© The Financial Times Ltd 2016 FT and 'Financial Times' are trademarks of The Financial Times Ltd.
March 11, 2011 6:16 pm
Consumers are being warned to check the quality of the financial advice they receive as new warnings about potential misselling emerge.
Some financial advisers are being accused of overselling products with high commissions before the practice is banned in 2013, and even some of those taking fees for advice are suspected of buying and selling, or “churning”, funds too much – to justify charging more.
More financial advisers charged commission in 2010 than in the previous year in spite of the upcoming ban, leading to fears that advisers are selling products with high commissions while they still can.
A survey of 501 advisers by Defaqto, the analyst, found that the proportion of advisers charging commission rose to 15 per cent in 2010, up from 12 per cent in 2009. The proportion of fee-based advisers rose only slightly to 7 per cent last year from 4 per cent.
But there are also accusations that fee-based advisers could be overmanaging people’s investments to justify their charges.
“I think that we are going from a commission bias to a fee bias,” said John Blackmore, a commission-based adviser, who said he had seen evidence of advisers constantly reviewing portfolios in order to charge for high fees.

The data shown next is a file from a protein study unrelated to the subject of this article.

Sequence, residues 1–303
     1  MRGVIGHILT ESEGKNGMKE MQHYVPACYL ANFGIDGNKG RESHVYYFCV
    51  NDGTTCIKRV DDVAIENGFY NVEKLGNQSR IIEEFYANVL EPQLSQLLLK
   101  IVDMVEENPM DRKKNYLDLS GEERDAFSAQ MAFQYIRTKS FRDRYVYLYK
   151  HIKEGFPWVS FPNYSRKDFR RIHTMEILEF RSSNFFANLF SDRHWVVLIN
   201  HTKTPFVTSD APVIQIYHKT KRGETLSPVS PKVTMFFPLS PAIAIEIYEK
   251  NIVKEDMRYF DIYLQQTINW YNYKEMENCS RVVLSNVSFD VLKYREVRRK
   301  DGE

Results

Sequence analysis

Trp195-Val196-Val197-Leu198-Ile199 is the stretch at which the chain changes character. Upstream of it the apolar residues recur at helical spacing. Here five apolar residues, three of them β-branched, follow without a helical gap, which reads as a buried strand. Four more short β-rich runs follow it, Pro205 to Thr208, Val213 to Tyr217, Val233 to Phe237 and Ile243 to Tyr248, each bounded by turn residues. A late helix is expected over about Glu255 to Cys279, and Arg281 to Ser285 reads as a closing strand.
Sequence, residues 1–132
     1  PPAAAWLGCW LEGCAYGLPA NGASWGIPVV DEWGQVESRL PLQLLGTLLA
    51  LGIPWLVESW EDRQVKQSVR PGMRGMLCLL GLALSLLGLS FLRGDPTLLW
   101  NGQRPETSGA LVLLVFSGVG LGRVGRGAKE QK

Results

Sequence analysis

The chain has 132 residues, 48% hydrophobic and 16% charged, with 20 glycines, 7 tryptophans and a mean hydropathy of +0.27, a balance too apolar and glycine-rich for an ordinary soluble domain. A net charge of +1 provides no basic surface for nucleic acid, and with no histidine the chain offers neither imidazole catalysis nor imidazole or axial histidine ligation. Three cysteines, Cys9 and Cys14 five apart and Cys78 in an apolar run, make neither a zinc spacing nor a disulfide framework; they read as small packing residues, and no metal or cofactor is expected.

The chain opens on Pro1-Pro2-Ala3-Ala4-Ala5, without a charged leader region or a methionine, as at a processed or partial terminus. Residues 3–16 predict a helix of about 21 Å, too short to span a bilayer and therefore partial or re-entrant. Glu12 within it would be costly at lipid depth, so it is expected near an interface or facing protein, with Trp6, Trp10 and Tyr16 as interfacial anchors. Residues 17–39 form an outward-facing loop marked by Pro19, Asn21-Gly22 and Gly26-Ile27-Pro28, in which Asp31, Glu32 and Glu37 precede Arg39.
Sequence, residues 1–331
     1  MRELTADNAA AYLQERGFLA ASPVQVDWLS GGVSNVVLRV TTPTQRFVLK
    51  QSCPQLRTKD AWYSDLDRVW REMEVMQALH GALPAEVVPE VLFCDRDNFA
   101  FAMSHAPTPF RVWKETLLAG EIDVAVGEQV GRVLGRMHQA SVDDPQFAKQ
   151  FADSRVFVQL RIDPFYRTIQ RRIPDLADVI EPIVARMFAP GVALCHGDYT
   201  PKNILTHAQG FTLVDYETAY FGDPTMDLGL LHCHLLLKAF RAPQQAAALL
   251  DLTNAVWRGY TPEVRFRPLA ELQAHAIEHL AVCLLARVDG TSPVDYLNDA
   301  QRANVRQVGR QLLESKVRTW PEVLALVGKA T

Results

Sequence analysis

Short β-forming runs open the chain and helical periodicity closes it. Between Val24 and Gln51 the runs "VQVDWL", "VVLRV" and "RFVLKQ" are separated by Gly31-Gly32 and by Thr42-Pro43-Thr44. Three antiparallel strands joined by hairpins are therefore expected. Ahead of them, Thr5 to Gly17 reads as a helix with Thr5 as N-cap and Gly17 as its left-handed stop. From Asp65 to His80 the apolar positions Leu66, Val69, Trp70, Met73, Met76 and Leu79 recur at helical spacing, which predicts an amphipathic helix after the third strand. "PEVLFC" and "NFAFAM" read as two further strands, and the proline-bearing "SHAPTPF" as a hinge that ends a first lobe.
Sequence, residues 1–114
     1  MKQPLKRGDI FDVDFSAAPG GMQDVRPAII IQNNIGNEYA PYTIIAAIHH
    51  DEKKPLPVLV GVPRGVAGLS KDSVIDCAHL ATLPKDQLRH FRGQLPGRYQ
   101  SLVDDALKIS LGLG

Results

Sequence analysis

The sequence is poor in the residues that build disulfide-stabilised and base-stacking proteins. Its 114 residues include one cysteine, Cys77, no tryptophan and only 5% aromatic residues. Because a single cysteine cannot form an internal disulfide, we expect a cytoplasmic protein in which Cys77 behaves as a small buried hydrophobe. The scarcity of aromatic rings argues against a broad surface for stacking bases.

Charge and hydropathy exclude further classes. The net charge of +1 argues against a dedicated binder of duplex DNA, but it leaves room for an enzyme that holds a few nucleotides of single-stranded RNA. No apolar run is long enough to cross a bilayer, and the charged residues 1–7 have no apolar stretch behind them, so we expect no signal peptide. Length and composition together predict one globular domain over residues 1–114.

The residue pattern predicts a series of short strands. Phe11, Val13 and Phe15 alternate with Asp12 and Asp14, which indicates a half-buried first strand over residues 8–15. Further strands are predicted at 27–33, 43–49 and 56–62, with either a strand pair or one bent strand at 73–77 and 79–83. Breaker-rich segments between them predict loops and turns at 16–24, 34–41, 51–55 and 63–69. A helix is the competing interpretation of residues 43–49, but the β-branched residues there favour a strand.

“Investors could be advised to change an existing portfolio rather than leaving it as it is,” said Patrick Connolly at AWD Chase de Vere.
The Financial Services Authority (FSA) said that it would be monitoring firms carefully for any sign of either fee or commission churning. Consumers are being warned to ask why they are being advised to buy products paying high levels of commission and also check that they are not being advised to buy and sell funds too often.
The warnings surfaced as Hector Sants, chief executive of the FSA, was questioned on the commission ban, part of the Retail Distribution Review (RDR), by the Treasury select committee this week.
Critics argue that the RDR will lead to higher fees and create an “advice gap” where the majority of consumers will not be able to afford advice.
Copyright The Financial Times Limited 2016. You may share using our article tools.
Please don't cut articles from FT.com and redistribute by email or post to the web.